However, sometimes attorneys cannot successfully settle a case pre-suit. Oftentimes, it is necessary to file a lawsuit for various reasons, including disputed liability or differences in the valuation of damages. If a lawsuit has to be filed, litigants generally incur more expenses than if the case was settled pre-suit. The initial filing fee for a circuit court civil lawsuit is $150. If a jury demand is made, there is an additional fee of $85. During the course of litigation, various motions will likely have to be filed. The filing fee for each motion is $20. Furthermore, there will be additional costs during the course of litigation, such as lay and expert witness fees, ordering additional medical records and bills, private investigators, court reporter fees, and deposition fees.
Most law firms give clients the option to have the firm advance the costs. When a law firm advances expenses, the firm pays all costs as they are incurred and then receives reimbursement for those expenses out of the settlement or verdict. Clients have the option of fronting the costs themselves, too, but often choose not to do so because it can get very expensive to keep up with.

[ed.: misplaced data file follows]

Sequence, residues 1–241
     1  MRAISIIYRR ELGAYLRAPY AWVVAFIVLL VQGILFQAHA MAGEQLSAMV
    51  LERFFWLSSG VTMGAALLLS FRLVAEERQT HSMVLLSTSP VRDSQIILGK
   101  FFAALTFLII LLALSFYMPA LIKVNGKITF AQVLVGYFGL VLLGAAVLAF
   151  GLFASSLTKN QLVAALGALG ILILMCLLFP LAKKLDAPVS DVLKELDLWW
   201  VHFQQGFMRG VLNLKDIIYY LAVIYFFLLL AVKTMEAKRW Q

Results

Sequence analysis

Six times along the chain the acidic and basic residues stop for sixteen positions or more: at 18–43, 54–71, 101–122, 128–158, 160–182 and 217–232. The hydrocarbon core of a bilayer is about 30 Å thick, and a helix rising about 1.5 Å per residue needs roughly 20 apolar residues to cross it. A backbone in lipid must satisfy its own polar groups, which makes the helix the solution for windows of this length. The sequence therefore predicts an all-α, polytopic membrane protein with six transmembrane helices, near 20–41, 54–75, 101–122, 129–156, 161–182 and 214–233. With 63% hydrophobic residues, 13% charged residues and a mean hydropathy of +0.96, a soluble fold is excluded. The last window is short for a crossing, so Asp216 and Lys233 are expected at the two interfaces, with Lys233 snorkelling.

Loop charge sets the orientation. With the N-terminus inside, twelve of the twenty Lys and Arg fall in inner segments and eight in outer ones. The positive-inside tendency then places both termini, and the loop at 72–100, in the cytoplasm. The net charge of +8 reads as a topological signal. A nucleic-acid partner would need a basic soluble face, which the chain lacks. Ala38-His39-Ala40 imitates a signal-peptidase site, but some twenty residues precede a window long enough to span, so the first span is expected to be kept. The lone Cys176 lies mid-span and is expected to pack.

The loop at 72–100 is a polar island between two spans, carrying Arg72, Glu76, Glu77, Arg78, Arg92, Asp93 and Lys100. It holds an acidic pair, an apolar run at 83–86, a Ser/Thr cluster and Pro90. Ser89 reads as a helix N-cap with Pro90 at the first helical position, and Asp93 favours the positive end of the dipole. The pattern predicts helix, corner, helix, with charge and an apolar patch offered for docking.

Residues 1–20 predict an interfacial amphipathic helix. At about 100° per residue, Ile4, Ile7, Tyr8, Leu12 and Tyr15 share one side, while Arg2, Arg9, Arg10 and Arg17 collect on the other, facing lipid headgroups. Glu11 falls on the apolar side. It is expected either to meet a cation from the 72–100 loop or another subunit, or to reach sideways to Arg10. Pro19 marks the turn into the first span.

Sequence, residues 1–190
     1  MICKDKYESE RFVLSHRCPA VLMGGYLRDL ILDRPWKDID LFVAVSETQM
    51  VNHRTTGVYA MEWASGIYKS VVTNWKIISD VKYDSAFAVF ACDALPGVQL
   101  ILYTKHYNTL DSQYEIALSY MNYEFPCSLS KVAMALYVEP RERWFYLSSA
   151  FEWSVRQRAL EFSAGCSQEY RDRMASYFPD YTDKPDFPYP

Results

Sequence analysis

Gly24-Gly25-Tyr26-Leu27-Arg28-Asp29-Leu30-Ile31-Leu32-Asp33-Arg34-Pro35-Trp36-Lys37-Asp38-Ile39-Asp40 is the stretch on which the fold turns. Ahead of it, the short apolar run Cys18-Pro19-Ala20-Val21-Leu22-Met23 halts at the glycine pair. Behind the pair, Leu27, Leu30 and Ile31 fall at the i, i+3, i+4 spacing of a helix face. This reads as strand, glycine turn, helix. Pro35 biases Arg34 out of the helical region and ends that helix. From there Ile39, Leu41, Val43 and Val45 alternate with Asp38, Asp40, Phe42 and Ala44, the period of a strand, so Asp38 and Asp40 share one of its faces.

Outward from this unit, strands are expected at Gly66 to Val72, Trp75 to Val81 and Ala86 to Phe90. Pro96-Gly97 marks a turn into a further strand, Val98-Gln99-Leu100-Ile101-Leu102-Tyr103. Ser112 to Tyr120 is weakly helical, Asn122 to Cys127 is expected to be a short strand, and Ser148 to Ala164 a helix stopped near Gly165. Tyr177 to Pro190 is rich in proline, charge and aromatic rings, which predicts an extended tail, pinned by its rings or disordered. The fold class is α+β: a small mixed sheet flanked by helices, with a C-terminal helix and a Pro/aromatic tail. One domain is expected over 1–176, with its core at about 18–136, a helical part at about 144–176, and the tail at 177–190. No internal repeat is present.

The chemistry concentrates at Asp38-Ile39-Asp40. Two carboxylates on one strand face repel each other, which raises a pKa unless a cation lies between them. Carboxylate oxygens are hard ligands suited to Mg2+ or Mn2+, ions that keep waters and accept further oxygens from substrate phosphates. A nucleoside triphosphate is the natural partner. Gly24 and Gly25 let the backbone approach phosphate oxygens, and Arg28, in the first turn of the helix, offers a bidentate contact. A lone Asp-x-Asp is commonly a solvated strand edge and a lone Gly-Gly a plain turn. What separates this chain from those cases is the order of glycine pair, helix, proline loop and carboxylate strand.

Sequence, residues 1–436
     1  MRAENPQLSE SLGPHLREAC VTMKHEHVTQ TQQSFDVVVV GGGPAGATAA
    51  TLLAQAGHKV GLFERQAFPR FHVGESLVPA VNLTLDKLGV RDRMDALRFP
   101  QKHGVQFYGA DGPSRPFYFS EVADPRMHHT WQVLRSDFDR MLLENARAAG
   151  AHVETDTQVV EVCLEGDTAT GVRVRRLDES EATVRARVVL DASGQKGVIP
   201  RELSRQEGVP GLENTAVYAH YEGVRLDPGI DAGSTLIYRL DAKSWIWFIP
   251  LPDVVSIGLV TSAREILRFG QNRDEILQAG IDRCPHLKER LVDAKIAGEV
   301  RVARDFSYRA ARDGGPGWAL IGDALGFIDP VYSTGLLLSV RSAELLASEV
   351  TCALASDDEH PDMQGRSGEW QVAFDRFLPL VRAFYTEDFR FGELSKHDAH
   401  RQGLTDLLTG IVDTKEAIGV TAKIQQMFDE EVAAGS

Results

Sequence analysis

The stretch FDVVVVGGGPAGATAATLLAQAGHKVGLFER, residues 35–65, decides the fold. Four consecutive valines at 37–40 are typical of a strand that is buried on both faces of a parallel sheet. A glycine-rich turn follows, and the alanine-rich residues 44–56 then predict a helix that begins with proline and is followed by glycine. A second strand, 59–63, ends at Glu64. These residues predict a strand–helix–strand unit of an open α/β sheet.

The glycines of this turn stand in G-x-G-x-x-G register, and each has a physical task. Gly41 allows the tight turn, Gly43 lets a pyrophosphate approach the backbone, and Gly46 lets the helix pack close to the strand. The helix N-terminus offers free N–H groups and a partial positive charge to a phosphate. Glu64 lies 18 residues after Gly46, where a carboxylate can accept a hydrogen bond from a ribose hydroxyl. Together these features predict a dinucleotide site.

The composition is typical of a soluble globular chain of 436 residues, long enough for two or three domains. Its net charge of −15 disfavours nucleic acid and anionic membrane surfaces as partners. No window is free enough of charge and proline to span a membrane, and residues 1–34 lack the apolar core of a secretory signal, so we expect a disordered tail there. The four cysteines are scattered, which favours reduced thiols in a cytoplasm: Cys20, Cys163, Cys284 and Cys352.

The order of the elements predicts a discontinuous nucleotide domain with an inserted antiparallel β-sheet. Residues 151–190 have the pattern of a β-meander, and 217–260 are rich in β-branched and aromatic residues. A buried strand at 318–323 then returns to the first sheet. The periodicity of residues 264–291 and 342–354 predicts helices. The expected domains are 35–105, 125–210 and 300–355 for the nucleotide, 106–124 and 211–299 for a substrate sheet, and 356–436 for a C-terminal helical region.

Contingency Fee Example
To help make sense of it all, here is a real-world example of how a contingency fee arrangement works. The client settles her case for $33,000. The law firm has advanced $3,000 in costs on behalf of the client. This $3,000 is subtracted off of the top, leaving $30,000 remaining. The attorney then gets 1/3 of this, and the rest goes to the client. Therefore, the attorney fee would be $10,000 and the client would get $20,000.
Overall, it is impossible to predict how much a lawsuit will cost. The total cost of bringing a lawsuit depends on a variety of factors such as liability, how extensive the client’s injuries and medical treatment is, if a lawsuit has to be filed, and the number of laypeople and/or expert witnesses that are needed. However, this should not deter you from contacting a lawyer, because these expenses are typically advanced by the law firm and the client does not end up paying anything out of pocket.